15

The search warrant is attacked on several grounds, the first of which is inadequate description. The warrant covers a tract of land in the northeast half of a certain section and a house, an out-building, and two cars located thereon. There is no northeast half of a section. An error in description is not automatically fatal to a warrant. E.g. Martin v. United States, 10 Cir., 99 F.2d 236, 237, and Fine v. United States, 6 Cir., 207 F.2d 324, cert. denied 346 U.S. 923, 74 S.Ct. 310, 98 L.Ed. 417. The requirement of Rule 41(c), F.R.Crim.P., that the place to be searched must be described in the warrant is satisfied if the description is sufficient to enable the officers to ascertain the place to be searched. See Steele v. United State No. 1, 267 U.S. 498, 503, 45 S.Ct. 414, 69 L.Ed. 757. Except for the obvious error in the land description, the warrant is quite specific. The name of the owner, Jimmy Montoya, is given as is the location with reference to Williamsburg and U. S. Highway 85. The description of the house suffices to identify it. An officer could, with reasonable effort, locate it. No claim is made that the search was made of the wrong house. The inadvertent description of the land is not fatal to the warrant.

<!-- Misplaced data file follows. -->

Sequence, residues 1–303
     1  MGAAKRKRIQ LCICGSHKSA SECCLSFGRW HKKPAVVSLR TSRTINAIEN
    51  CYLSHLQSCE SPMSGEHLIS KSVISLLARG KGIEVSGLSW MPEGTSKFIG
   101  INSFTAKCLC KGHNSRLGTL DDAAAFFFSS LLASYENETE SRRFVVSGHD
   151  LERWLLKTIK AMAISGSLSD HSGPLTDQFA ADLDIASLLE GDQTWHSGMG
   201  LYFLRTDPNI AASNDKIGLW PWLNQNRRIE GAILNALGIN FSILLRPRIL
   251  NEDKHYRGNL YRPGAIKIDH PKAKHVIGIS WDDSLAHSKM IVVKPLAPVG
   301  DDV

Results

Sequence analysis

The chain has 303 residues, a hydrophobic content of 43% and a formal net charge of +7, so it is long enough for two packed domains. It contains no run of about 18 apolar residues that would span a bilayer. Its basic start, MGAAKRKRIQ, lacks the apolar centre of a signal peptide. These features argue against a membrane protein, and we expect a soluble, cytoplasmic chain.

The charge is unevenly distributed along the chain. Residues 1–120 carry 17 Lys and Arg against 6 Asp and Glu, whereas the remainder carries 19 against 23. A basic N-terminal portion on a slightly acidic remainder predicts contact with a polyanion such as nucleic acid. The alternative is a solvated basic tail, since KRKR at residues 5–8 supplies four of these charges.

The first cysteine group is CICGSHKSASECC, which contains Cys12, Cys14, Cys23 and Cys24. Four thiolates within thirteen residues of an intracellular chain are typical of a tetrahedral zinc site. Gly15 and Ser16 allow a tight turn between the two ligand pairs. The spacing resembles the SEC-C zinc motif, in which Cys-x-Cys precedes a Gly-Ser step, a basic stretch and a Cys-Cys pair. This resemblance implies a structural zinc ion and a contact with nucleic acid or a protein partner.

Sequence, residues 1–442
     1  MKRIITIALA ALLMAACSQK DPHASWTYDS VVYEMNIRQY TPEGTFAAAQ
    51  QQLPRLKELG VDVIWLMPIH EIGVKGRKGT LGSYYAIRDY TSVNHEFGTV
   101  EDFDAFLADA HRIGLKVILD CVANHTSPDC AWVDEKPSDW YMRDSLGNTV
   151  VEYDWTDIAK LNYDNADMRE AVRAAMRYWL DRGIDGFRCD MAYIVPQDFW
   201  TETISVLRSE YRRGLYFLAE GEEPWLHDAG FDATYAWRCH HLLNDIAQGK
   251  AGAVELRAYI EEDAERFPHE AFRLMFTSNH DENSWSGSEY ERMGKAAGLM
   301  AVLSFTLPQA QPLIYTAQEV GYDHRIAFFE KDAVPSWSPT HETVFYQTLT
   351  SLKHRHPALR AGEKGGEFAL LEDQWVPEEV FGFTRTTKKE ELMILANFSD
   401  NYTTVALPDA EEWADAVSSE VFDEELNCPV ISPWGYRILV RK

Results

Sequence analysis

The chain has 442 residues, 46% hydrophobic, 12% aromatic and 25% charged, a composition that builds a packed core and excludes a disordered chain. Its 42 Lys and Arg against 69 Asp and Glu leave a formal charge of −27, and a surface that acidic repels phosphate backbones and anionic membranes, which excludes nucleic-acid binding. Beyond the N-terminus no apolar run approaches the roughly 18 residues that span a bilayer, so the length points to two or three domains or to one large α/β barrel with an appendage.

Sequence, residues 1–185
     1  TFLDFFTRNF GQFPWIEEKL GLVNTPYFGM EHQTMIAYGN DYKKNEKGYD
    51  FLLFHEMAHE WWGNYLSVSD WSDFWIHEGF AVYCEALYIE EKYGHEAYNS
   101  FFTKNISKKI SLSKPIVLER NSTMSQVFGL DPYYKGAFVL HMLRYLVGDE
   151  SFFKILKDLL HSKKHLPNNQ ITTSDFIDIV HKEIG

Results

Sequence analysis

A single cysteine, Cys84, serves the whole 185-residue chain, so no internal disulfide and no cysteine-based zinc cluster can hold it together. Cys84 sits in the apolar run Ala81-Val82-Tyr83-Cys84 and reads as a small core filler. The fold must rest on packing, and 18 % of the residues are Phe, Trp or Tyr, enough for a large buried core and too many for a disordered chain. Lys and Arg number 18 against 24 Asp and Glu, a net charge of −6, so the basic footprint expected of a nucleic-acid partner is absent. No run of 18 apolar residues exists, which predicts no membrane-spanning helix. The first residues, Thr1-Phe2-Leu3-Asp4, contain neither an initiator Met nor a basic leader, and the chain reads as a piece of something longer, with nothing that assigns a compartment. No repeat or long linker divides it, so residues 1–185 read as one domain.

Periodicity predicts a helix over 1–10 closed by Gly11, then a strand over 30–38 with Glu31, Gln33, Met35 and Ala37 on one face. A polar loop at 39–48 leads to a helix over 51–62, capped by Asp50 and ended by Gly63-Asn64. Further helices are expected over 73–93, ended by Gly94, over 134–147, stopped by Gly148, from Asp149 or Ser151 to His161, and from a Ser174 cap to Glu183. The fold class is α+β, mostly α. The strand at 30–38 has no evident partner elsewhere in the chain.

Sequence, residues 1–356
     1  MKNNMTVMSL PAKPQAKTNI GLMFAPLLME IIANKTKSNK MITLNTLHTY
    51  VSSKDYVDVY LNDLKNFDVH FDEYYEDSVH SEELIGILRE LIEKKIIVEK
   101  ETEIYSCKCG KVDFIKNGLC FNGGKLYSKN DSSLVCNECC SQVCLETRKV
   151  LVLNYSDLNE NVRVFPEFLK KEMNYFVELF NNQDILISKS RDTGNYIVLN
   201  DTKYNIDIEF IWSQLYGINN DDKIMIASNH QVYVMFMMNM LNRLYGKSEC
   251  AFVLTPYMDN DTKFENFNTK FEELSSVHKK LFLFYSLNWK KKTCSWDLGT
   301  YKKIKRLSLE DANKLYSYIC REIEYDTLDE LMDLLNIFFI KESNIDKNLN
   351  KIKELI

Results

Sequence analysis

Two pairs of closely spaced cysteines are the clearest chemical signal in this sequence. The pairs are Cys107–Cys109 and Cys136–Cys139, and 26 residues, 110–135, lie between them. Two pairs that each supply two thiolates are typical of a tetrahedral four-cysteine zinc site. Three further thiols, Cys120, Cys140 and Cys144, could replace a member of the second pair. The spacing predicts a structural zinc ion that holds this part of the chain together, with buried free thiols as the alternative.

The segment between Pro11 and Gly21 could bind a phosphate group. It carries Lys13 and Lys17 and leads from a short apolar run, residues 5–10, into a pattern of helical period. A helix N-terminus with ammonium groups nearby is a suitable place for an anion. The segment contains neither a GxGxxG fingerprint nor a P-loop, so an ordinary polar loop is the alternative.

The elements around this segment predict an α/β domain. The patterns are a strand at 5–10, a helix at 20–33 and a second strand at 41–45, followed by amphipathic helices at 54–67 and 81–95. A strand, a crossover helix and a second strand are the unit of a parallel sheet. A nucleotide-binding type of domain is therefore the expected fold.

16

The next ground is that the description of the items to be seized was not sufficiently particular. Five classes of items were enumerated, all of them subject to seizure if not registered. "Destructive devices," one of the terms used, is defined in 26 U.S.C. Sec. 5845(f). As contraband, 49 U.S.C. Sec. 781(b) (2) and 26 U.S.C. Sec. 5845(a) (8), a lesser standard of particularity of description is required. Cf. Stanford v. Texas, 379 U.S. 476, 486, 85 S.Ct. 506, 13 L.Ed.2d 431. The warrant adequately described the items to be seized.

17